Dogged by questions about his 2001 decision to land a crippled Navy EP-3 reconnaissance plane in China, U.S. Senate candidate Shane Osborn has distributed an official-looking Navy memo supporting his account.Just wow. Osborn forged a memo to cover his ass, and the Navy is dismissing it on the record? That's not something you see often, to say the least. But the story gets even more incredible. The author remains anonymous because, according to the paper, "his career could be jeopardized" if he comes forward, and his actions "could potentially lead to a criminal charge of violating orders or dereliction of duty." Here's a thought: If you have to shield your identity while helping your buddy in order to avoid prosecution, then maybe you're not really "helping" him after all.
The memo, written Aug. 8, 2013, on Navy letterhead, is titled "Disposition of actions by EP-3E flight crew on April 1, 2001." It explains that Osborn's plane was authorized to land on China's Hainan island "due to the extreme circumstances and condition of this aircraft."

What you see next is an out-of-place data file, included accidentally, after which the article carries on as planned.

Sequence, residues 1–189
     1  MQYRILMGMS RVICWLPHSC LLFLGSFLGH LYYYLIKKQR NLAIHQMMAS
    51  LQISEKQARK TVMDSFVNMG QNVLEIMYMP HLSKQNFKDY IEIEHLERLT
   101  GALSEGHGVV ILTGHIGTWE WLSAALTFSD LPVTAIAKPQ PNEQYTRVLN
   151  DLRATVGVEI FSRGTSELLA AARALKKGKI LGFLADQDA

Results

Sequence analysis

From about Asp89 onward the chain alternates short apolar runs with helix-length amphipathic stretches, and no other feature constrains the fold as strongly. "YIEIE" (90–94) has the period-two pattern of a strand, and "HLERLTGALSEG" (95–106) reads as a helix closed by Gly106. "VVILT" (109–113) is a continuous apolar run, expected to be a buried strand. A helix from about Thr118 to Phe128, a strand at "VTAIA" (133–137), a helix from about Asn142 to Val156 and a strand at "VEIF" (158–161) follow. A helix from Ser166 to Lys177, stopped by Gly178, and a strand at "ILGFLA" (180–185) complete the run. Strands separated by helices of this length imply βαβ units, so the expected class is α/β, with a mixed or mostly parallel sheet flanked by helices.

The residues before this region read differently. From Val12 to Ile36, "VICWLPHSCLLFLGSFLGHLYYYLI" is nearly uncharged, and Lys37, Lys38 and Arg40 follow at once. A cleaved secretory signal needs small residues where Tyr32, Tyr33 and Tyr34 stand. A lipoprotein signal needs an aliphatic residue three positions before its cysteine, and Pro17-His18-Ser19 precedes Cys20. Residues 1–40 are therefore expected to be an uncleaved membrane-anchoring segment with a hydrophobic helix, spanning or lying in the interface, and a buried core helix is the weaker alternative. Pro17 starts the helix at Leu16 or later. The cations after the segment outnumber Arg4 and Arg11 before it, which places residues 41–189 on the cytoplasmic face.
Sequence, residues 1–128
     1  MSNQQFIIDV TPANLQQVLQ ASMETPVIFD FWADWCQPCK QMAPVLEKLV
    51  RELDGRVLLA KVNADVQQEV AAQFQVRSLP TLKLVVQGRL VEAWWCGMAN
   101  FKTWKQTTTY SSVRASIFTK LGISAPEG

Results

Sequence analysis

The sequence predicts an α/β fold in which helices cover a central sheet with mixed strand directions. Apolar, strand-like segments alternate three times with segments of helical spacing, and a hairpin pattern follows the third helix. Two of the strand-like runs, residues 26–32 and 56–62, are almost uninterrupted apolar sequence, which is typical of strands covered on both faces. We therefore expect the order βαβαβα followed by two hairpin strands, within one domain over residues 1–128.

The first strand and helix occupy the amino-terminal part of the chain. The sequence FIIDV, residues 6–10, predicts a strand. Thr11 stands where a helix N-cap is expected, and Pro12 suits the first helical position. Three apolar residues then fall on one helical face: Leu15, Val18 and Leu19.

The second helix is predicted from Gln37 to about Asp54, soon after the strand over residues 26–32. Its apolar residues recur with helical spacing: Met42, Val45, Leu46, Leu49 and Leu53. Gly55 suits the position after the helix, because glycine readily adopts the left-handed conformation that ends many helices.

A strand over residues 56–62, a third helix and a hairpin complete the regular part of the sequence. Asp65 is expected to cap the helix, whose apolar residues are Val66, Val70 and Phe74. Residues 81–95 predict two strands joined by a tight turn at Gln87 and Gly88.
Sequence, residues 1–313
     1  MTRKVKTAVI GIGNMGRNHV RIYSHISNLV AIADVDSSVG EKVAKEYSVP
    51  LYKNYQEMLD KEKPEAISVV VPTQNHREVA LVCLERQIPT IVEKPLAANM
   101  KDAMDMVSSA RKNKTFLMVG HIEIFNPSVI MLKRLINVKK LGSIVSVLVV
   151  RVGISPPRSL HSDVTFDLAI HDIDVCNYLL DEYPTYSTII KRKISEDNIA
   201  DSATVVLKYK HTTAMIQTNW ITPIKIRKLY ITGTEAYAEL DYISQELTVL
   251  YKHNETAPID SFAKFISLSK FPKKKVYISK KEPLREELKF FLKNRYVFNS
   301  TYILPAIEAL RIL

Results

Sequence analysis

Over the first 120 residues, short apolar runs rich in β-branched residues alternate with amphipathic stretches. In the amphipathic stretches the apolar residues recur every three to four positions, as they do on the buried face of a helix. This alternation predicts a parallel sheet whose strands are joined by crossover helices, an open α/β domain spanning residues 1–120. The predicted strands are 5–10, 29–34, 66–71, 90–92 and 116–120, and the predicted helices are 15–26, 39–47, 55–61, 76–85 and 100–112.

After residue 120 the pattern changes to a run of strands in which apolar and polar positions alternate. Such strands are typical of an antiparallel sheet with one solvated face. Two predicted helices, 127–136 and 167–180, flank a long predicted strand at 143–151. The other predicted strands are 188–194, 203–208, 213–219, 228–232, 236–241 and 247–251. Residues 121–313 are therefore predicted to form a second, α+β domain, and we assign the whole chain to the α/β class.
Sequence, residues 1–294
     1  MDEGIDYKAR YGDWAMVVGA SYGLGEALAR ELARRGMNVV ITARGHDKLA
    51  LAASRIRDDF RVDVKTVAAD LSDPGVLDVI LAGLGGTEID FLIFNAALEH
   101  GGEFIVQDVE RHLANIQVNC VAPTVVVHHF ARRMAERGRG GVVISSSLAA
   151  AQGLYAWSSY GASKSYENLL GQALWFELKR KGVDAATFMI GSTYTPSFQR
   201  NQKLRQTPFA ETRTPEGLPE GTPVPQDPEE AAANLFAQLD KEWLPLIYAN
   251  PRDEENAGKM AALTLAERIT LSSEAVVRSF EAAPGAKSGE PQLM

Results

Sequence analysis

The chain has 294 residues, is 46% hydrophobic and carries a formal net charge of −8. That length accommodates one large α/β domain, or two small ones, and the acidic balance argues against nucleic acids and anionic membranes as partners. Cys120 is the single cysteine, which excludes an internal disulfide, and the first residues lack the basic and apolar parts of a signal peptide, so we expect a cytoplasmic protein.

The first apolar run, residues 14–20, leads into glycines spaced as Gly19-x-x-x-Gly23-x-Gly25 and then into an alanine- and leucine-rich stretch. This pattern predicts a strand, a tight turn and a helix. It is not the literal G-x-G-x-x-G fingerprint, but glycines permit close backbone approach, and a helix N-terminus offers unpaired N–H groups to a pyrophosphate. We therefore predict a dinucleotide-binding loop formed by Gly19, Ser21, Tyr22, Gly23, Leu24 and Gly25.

But The World-Herald has learned that the unsigned memo was not authorized by the Navy, or vetted through normal channels, and was written as a favor to Osborn by a Navy buddy working at the Pentagon.
"We cannot confirm the authenticity of this document," said Lt. Cmdr. Katie Cerezo, a Navy spokeswoman. "We couldn't discuss a memo that we can't authenticate."
Faking up military documents is a pretty grave sin, and entire campaigns have gotten derailed for less. Osborn is locked in a competitive Republican primary against Midland University President Ben Sasse, and while he's had small leads in recent polling, these revelations could alter that state of affairs in a hurry, particularly since Osborn's running heavily on the EP-3 incident and has even been running ads touting his deeds. But again, go and read it all for yourself—"hard to believe" doesn't even begin to describe it.